Tuesday, October 18, 2005

Swing, Swing Together

[[P O L L S]] * As the CIA leak scandal (“Plamegate”) winds into what looks like its final phase, with possible indictments being readied against White House heavyweights Karl Rove and I. Lewis “Scooter” Libby (and maybe even Dick Cheney), and with the administration struggling to “relaunch” the Supreme Court nomination of Harriet Miers, a new CNN/USA Today/Gallup poll shows George W. Bush’s job approval rating continuing to slide. Only 39 percent of Americans support Dubya’s performance in the Oval Office--“the lowest the poll has recorded during Bush’s presidency,” down from 45 percent in late September. Fifty-eight percent of poll respondents disapprove of Bush.

Who’s responsible for this marked decline? “Swing” suburban voters. Last month, 51 percent of suburbanites said they approved of Bush. But that’s tumbled in this latest survey to just 41 percent, perhaps due to dissatisfaction with rising gas prices. The prez’s approval rating hasn’t changed considerably among urban residents (34 percent) or rural dwellers (44 percent). Meanwhile, though 84 percent of self-identifying Republicans appear to be sticking with Bush, his approval rating among independents stands only at 32 percent (down from 37 percent in September), with a measly 8 percent of Democrats giving the prez favorable marks (down from 15 percent last month.) Remarks CNN political analyst Bill Schneider: “It looks as if the last ‘Bush Democrat’ might have been former Georgia Senator Zell Miller.”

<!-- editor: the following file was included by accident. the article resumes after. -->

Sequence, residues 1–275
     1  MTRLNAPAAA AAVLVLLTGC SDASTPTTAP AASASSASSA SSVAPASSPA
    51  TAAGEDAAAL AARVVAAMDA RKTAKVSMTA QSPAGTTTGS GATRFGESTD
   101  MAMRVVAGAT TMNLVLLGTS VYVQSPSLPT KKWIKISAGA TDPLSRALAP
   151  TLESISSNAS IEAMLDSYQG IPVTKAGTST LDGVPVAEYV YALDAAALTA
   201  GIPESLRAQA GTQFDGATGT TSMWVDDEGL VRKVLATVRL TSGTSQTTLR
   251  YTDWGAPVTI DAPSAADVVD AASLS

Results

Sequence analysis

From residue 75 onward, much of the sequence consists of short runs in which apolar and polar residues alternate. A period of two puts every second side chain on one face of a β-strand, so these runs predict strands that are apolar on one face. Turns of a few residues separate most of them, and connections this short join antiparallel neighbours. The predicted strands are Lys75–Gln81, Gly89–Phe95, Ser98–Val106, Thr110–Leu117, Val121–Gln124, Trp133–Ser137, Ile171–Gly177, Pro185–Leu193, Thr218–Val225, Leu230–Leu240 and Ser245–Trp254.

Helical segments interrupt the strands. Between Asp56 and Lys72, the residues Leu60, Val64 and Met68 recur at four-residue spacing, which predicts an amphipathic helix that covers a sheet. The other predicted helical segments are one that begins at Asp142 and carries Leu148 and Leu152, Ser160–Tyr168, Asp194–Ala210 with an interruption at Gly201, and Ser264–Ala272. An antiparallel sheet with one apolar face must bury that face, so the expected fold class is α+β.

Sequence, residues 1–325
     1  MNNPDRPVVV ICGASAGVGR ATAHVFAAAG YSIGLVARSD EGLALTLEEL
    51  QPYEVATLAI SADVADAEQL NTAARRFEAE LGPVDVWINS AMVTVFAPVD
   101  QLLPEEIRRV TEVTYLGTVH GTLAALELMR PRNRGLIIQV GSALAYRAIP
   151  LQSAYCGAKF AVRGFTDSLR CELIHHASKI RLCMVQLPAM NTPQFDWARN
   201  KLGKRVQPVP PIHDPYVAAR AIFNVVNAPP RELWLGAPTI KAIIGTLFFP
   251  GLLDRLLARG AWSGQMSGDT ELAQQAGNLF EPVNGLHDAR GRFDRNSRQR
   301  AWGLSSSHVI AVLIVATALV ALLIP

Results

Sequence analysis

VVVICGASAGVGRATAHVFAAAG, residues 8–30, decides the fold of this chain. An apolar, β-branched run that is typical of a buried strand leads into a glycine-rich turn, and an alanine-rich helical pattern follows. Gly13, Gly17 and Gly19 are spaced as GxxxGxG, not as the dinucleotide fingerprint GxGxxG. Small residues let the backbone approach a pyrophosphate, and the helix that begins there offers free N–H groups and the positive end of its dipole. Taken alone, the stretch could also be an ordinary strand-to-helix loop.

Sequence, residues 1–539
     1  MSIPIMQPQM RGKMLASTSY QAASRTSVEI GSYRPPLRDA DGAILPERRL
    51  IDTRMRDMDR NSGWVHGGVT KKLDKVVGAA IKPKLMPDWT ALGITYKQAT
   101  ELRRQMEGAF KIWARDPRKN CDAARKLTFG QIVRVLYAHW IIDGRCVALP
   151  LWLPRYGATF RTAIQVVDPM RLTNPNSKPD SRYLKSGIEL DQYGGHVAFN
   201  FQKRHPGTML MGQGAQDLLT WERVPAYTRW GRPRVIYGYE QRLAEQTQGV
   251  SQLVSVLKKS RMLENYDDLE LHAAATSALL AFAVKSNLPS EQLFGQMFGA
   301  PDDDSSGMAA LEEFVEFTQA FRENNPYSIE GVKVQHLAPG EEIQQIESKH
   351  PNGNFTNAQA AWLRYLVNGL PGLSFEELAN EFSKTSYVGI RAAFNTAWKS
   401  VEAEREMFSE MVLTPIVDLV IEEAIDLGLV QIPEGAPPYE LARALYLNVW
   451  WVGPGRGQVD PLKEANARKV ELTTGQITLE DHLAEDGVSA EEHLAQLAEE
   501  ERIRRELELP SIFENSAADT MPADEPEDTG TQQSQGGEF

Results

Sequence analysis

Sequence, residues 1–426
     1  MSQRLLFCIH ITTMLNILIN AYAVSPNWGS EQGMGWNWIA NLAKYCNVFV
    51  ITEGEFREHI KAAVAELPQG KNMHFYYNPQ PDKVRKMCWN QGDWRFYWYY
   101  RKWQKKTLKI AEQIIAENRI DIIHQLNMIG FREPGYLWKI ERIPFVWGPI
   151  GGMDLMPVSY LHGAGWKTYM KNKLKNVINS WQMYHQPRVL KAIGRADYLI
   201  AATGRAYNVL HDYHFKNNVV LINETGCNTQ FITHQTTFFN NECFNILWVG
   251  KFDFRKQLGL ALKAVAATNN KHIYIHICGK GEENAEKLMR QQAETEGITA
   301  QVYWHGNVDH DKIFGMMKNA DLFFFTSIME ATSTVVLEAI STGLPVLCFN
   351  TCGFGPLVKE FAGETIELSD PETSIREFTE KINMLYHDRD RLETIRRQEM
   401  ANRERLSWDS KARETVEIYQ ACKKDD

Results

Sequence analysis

Another hopeful finding from the CNN/USA Today/Gallup survey: “[J]ob approval for Congress, which has a Republican majority, has fallen to 29%. That is its lowest level since 1994, the year Democrats lost control of the Senate and House of Representatives for the first time in 40 years.”

ADDENDUM: Don’t expect today’s news about inflation to help Bush’s standing, either. According to the Associated Press, “Inflation at the wholesale level last month soared by the largest amount in more than 15 years, reflecting the surge in energy prices that occurred following the Gulf Coast hurricanes.”

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